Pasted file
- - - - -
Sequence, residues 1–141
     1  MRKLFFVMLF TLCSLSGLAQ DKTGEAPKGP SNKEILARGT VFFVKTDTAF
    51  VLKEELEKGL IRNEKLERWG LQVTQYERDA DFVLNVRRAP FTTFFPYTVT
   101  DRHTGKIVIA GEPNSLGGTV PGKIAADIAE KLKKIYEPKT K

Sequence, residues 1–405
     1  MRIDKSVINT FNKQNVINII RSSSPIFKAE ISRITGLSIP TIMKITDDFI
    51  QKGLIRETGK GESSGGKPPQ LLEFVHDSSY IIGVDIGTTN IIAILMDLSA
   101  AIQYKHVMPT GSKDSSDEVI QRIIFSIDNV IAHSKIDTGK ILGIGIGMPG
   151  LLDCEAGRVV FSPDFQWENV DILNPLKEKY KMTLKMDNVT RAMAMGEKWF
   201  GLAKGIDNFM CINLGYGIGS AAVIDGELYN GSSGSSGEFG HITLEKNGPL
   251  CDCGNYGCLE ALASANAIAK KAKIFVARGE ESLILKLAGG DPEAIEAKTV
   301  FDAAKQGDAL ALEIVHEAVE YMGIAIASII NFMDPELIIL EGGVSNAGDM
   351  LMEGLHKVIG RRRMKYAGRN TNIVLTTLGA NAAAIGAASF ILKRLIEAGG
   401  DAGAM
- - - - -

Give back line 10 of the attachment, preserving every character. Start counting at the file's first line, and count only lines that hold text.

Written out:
   201  GLAKGIDNFM CINLGYGIGS AAVIDGELYN GSSGSSGEFG HITLEKNGPL